Boys sojourning to the light with youthful bravado bold,
Ne’er to be forgotten with haste most go,
Nestling within their pencil’d minds whilst they sow.

Inside these storied halls rooted upon hallowed grounds,
Lies a simple truth that mystic time resounds,
That as boys grow to become men,
The plight whose soul revolves over and again.

Always shall the kiln'd clay stand to test,
What most young fear when pressed:
That knowledge boasts an eternal bliss,
Rightly favored by fortune’s sweetly kiss.

Friday, March 9, 2012

"This Too Shall Pass," but will it?

According to the scholarly source, Wikipedia, that oft quoted phrase, "this too shall pass," apparently comes from Persian Sufisim.  There is a poem by which a fabled king is humbled by these simple words.  Another Sufi version has this proverb inscribed on a ring which gives the wearer the ability to make the happy man sad and vice versa.  Interesting, I admit.  What power does this ancient phrase hold today?

I recently found myself giving this phrase to a co-worker during one of those brief coffee-pot conversations.  It appears fairly innocuous on the surface, like cocktail wisdom when one needs a quick word of re-assurance.  But again, I ask the question:  does this actually mean anything today?

"And this too shall pass."

When I consider the roller coaster that I have been riding non-stop for several years, it strikes me as almost callous and the power to yield an unintended effect of negativity.  I seriously doubt that most who employ this phrase have that intention; moreover, it is such an easy expression to use that its efficacy appears muddled at best.

"Yes, this too shall pass."

I am guilty of longing to achieve my goals at the expense of neglecting the journey to get there.  Sadly, I have missed out on so much in life with that narrow approach.  Wishing an experience to simply pass on, I believe, misses the point regardless if the event(s) are positive or negatively impacting the sojourner.  As I continue to live what I feel is a "tent-maker" sort of life, I am learning to accept that the here-and-now gives me time to inwardly digest the thing at hand.  Unfortunately, there has been more bad than good.  One can only be beaten down so much until lethargy creeps in.  I fight that fight daily.  Wishing things to pass is too easy, truly wishful thinking.  The more I accept and own, the less difficult the things at hand become.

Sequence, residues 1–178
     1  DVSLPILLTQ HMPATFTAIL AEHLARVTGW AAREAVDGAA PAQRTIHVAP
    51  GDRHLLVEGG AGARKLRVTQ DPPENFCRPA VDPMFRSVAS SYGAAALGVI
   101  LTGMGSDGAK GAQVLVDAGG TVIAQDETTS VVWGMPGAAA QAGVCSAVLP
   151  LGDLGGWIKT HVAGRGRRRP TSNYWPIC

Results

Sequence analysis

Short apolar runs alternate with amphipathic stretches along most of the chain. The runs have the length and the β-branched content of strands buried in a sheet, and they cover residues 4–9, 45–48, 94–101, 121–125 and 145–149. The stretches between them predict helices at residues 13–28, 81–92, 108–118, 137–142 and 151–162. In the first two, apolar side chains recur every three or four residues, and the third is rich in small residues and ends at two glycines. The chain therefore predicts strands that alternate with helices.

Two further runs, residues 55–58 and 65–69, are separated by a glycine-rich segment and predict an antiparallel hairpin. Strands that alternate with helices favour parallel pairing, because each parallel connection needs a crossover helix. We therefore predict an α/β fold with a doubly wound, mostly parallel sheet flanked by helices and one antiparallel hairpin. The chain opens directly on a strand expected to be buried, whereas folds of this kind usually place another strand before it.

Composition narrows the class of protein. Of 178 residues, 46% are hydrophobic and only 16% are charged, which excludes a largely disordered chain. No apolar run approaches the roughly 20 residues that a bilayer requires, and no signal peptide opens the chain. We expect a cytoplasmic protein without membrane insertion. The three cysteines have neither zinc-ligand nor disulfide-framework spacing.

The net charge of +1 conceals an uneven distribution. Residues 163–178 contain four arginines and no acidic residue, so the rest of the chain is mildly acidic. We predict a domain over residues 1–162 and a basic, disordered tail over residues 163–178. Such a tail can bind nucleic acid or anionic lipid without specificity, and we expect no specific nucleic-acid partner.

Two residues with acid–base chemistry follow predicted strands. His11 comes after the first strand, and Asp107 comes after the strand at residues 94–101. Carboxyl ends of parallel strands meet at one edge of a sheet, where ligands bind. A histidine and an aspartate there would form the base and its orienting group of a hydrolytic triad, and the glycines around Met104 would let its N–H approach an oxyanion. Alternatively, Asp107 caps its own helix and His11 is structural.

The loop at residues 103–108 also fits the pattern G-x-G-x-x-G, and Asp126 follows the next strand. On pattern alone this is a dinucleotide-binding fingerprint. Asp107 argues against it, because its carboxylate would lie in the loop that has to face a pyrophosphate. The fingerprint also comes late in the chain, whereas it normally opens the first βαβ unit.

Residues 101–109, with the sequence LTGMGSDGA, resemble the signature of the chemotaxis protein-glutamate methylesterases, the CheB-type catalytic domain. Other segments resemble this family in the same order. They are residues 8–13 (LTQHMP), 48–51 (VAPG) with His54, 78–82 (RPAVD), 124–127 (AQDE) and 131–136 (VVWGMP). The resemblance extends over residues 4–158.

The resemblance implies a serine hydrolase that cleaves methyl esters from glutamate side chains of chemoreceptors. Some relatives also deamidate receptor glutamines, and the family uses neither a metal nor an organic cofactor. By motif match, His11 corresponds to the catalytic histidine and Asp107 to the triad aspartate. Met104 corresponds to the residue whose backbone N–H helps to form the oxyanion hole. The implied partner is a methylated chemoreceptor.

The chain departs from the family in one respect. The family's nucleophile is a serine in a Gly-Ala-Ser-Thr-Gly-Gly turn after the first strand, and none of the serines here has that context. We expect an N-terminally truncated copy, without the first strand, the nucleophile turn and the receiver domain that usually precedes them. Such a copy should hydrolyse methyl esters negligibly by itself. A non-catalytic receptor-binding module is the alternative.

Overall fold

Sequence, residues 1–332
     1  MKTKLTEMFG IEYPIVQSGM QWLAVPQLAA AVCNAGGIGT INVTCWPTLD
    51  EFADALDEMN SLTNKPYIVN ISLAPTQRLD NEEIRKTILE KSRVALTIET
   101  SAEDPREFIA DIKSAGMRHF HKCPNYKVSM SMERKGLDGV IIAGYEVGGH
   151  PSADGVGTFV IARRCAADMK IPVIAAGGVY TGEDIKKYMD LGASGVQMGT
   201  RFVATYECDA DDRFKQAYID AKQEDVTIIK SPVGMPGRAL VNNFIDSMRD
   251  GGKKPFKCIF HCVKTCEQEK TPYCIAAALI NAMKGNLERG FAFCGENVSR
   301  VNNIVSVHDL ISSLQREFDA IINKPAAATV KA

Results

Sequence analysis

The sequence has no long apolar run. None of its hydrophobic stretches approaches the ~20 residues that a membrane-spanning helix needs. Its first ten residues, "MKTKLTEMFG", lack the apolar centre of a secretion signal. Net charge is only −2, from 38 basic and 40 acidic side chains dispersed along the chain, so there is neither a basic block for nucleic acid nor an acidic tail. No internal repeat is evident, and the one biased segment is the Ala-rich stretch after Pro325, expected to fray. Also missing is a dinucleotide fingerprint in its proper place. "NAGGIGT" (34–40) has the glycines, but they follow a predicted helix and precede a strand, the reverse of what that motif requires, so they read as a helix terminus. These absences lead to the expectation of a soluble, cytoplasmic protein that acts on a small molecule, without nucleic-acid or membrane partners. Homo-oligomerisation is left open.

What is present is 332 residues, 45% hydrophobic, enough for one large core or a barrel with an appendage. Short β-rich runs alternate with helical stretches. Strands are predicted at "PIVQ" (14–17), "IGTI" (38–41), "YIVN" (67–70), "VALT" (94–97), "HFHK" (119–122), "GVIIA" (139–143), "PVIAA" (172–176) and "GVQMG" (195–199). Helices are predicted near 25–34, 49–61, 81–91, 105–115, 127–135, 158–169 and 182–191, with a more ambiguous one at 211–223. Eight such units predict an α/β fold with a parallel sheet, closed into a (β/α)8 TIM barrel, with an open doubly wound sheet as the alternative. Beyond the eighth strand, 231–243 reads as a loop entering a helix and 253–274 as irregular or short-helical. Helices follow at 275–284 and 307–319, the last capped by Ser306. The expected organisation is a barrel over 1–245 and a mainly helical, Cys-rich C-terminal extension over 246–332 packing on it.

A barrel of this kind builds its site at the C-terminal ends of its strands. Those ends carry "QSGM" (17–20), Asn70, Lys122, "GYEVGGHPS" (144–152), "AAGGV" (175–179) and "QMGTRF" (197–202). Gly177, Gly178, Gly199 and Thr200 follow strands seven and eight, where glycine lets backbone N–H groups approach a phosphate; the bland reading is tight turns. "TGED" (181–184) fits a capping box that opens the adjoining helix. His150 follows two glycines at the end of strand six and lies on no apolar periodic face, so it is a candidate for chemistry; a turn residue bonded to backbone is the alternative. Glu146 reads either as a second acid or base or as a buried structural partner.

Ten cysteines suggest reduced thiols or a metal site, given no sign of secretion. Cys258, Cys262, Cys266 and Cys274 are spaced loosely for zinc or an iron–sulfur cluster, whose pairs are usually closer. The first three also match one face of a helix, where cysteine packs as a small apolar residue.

"All good things must come to an end.  And the only certainty is death and taxes."

Perhaps.  Perhaps the life we are called to live is one being filled with the moments of the journey, rather than the rush to our destination.  I will always cringe when I hear fellow Christians say, "we live to go to heaven," and other such nonsense.  As if our lives spent here is some sort of waiting room for a better life ahead.  Bullocks!  If this were true, Christ's eventual triumphant return would be sooner rather than later.  Certainty can be fleeting, and perhaps that is what we really mean to say.